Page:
“This is a course in miracles. It is a required course. Only the time you take it is voluntary. Free will does not mean that you can establish the curriculum. It means only that you can elect what you take at a given time. . .
. . .Nothing real can be threatened. Nothing unreal exists. Herein lies the peace of (creation).”
Those are the first words in the introduction to the book, “A Course in Miracles,” published by the Foundation of Inner Peace. The book often is referred to by its initials, ACIM.
For me, “A Course in Miracles,” has been my entryway into the world of meditation and mindfulness. My personal miracle, is that I now have a ten-year-old daily meditation practice.
“ A Course in Miracles,” worked for me. Perhaps, it will work for you, as well. Or perhaps, you already practice the daily lessons from, “The Course.”
Like most things in life, at least in my opinion, there is no one “correct method,” to learn meditation. There are many ways to develop a meditation practice. But for me, and millions of others, this one works.
I think the reason it works for me is because of the book’s “mind training,” approach to the practice of quieting the mind.
You are not asked to sit down, and be still for 20 minutes, with little instruction other than “let your mind be blank.”
Right. That’ll work.
Rather, step by step by step, “The Workbook ,” from,” A Course in Miracles ,” takes the student through an actual process of how to do just that, quiet the mind.
Everyday, there is a daily lesson – 365 of them. When you finish year one, you go back and start all over again. I always find it interesting in how the meaning of the words in each lesson have changed from year to year.
Some of the early lessons say things like, “Nothing I see means anything.”
“I have given everything I see all the meaning that it has for me.”
“I am never upset for the reason I think.”
“My thoughts are images I have made.”
“Above all else I want to see.”
“Above all else I want to see things differently.”
In the beginning lessons the student is asked only to practice a few minutes at a time. Sometimes, the student is asked to practice a few minutes at a time a few times during the day.
By the end of the year, the student has developed his meditation muscle to the extent that it is easy, even welcomed to quietly sit in meditation for 30 minutes.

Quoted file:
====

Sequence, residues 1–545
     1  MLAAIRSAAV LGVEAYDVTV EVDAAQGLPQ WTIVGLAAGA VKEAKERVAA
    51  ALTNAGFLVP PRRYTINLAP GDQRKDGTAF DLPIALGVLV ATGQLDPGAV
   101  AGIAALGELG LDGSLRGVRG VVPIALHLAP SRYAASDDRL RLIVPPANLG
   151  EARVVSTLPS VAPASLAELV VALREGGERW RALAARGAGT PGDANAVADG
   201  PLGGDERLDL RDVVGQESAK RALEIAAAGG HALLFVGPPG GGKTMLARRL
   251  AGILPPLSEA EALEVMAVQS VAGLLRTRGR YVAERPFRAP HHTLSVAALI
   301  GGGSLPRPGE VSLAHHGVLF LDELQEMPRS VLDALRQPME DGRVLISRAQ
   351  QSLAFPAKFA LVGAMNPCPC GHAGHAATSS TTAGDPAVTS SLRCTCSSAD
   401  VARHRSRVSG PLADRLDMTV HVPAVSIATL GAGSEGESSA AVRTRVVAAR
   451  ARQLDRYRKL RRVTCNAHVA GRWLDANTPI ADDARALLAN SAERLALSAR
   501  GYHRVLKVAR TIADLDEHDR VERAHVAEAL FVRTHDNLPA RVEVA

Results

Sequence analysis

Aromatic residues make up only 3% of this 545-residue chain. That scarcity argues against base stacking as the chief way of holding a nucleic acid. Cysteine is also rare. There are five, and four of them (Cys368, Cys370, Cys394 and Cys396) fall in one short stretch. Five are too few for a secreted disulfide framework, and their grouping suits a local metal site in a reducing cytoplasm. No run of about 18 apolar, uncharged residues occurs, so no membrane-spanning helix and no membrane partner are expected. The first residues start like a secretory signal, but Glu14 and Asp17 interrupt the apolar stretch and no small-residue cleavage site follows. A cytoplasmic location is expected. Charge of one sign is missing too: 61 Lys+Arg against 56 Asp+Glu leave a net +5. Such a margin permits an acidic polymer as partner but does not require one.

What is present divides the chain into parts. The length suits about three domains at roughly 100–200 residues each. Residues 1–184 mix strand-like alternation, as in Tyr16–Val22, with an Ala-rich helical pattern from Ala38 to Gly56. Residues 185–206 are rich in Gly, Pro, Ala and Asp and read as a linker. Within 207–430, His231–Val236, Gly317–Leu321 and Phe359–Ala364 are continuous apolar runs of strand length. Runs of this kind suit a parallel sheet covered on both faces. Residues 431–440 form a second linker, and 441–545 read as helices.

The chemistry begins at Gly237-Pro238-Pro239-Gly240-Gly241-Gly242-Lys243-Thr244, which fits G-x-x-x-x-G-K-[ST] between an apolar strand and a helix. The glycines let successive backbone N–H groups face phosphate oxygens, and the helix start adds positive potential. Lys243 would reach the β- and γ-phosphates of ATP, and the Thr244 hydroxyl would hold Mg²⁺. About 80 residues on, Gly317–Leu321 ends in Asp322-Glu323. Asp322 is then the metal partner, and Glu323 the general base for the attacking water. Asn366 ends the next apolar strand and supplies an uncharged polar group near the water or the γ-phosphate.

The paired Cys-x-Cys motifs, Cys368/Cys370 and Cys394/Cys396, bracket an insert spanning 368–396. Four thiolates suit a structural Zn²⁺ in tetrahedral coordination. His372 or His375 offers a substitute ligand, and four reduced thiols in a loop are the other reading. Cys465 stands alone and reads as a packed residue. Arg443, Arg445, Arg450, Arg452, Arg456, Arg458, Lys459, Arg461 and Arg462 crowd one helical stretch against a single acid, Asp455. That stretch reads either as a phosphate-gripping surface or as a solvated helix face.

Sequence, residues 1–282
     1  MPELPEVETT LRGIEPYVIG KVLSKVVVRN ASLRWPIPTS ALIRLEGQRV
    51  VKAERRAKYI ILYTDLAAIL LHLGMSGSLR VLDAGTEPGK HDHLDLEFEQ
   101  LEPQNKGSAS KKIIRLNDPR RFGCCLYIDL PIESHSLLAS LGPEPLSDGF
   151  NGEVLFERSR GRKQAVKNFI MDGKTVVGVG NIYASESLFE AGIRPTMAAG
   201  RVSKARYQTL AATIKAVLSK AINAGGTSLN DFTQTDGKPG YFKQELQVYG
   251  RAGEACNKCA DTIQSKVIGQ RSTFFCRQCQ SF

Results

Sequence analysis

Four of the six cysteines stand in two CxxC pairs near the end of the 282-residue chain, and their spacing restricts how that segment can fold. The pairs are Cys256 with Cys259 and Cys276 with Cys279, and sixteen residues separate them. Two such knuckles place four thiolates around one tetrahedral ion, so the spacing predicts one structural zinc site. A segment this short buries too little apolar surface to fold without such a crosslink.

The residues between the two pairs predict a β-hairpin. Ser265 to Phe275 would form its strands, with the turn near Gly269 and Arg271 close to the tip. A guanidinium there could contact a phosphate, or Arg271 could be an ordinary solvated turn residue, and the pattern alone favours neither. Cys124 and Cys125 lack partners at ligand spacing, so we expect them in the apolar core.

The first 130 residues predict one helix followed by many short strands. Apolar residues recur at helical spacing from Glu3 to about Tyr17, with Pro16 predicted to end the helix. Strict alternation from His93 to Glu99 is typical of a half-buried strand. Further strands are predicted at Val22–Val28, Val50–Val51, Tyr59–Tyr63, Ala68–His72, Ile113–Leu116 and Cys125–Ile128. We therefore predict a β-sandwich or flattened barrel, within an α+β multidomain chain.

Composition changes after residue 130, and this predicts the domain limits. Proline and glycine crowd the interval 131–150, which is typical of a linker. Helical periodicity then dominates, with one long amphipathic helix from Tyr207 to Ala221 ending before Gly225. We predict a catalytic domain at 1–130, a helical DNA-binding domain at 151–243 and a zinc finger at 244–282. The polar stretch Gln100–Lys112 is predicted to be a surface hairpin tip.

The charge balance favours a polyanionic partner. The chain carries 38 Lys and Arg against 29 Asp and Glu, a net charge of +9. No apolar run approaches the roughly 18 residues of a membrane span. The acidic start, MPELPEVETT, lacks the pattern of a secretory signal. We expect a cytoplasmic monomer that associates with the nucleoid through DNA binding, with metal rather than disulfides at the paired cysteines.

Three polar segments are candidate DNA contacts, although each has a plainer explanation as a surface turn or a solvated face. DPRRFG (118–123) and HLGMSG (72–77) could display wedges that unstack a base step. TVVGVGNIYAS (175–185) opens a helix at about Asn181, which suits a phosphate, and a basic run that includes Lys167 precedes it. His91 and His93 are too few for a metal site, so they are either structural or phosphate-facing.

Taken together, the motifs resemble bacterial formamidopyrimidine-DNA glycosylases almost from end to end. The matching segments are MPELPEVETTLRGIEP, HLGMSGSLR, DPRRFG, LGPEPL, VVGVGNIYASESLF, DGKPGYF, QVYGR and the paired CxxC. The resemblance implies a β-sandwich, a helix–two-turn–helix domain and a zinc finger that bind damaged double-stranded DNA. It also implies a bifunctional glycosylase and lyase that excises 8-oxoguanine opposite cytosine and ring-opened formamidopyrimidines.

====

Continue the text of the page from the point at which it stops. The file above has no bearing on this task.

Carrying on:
On vacations I spend camping in the woods, being in nature, I look forward to the opportunity to spend several hours at a time sitting in silent meditation. It allows me to go deep in to my meditative state in a way that is different from sitting in my truck, doing my daily 20 minutes before I drive or book loads or deal with dispatchers, customers, colleagues, etc.
It is different than stealing away 20 minutes before beginning work in my home office as I quietly sit in front of the picture window, my cats curled up beside me, the giant evergreens shading and protecting the houses and green space along the street outside my Oregon Wine Country home.
The reason to practice meditation is so that we can learn to be more mindful in our everyday lives. The quieter our minds, the easier it is to be present in any given moment of our daily lives.
The Course in Miracles sums it up beautifully, “The purpose of the learning (to meditate) is to enable you to bring the quiet with you, and to heal distress and turmoil…
“…You will yet learn that peace is part of you, and requires only that you be there to embrace any situation in which you are. And finally you will learn that there is no limit to where you are, so that your peace is everywhere, as you are.”
The only thing left to say about working with “A Course in Miracles,” is that the book is theistic, in that it does refer to and work with the concept of divinity. Some people will find this familiar and comfortable, others may find it off putting. Still others will find that they feel more comfortable in changing up some of the language to more closely mirror personal beliefs and value systems associated with the concept.
You can begin working with ACIM by going to the website, www.acim.org . Once there, you can purchase “The Course.” Or, you can read the daily lesson on line for free. To make it easy for you I’m linking to Lesson One for anyone who wants to get started right away.
Here it is: http://www.acim.org/Lessons/lesson.html
ACIM is also available in many different languages so that you can have the information in another language if that is more comfortable for you.
Hope this helps!
And what would a Trucking Yogi post be without a little theme music to go along? Here are a couple tunes. First, let’s hear from Sachmo, America’s music ambassador to the world; the man Portland’s Marilyn Keller called the “Alpha and Omega,” of jazz. Here’s Louis Armstrong with one of his best known songs, “What a Wonderful World,” by George D. Weiss and Robert Thiele. My prayer for each of us is that we take time every day to appreciate that we do live in a wonderful world (and the life and legacy of Louis Armstrong, of course).
Secondly, hows about a George Harrison tune? This song “Give me Love,” was featured in the documentary movie, “Awake,” about the life of Paramahansa Yogananda, an Indian yogi who spent a good deal of his life expanding the practice of meditation in The West through a practice called “Kriya Yoga.” He also founded an organization called the “Self-Realization Fellowship,” which to this day, continues to teach his meditation principles all over the world. George Harrison, a student of spirituality and human consciousness, also appeared in the film and talked about how the late guru had been a positive influence on his life. You can find more information about Kriya Yoga, Paramahansa Yogananda,and the Self-Realization Fellowship at http://www.yogananda-srf.org